Do Psychosocial Factors Contribute to Socioeconomic Health Disparities?
Applications of the Reserve Capacity Model
Early in the 20th century, W.E.B. Dubois described differences in health between African Americans and Caucasians, concluding that they did not reflect disparate physical vulnerabilities, but were a reflection of social forces. More than a century later, health disparities persist, despite overall improvements in longevity and health. In 2000, the government called for the elimination of health disparities in the national health agenda “Healthy People 2010” (U.S.Department of Health and Human Services, 2000). Given mixed progress to date, this goal is likely to be re-instated for Healthy People 2020. A clear understanding of the processes that create and maintain health disparities and what we can do to address them remains elusive.
The web of causation underlying health disparities is multi-faceted and complex, including factors such as differences in health care access and quality, health behaviors, biological factors, and gene-environment interactions (Adler & Rehkopf, 2008). In recent years, researchers have also turned their attention to psychosocial factors in health disparities. Constructs such as stress, negative emotions, and social isolation relate to major health outcomes including cardiovascular disease (CVD) and all cause mortality (Krantz & McCeney, 2002). In addition, these factors vary by socioeconomic status (SES) and in some cases, ethnicity, so that individuals with low SES or minority ethnicity show relatively high psychosocial risk (Gallo & Matthews, 2003; Myers, 2008). Psychologists can help achieve the critical public health goal of addressing health disparities, via research that seeks to unravel the psychosocial pathways underlying health disparities, in order to inform related prevention and intervention efforts.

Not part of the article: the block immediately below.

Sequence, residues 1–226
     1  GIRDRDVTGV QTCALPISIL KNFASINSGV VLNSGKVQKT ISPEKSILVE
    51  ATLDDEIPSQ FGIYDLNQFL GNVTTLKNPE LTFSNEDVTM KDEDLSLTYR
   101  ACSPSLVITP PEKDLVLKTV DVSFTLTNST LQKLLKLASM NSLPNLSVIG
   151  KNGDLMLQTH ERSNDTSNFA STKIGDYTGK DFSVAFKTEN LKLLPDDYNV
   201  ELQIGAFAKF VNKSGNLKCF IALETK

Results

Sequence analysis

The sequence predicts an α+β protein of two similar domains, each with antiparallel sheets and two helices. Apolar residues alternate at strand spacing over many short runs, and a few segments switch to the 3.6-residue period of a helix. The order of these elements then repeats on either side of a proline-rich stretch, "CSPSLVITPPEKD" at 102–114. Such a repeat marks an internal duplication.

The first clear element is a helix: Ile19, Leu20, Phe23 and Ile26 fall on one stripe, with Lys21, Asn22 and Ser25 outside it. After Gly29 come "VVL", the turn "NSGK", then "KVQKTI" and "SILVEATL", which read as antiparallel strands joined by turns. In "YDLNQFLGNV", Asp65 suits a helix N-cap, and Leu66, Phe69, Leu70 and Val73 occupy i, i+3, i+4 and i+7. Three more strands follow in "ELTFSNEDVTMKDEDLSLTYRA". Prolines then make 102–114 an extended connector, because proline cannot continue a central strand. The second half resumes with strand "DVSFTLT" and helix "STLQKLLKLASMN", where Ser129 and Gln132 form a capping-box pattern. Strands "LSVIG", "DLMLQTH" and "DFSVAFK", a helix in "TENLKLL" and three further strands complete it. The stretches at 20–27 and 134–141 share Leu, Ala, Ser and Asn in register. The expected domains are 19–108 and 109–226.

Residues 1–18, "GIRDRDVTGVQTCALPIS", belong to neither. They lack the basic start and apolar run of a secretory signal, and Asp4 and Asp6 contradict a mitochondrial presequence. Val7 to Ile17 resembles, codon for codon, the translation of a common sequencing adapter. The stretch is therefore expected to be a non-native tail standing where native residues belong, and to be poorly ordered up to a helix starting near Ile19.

The Reserve Capacity Model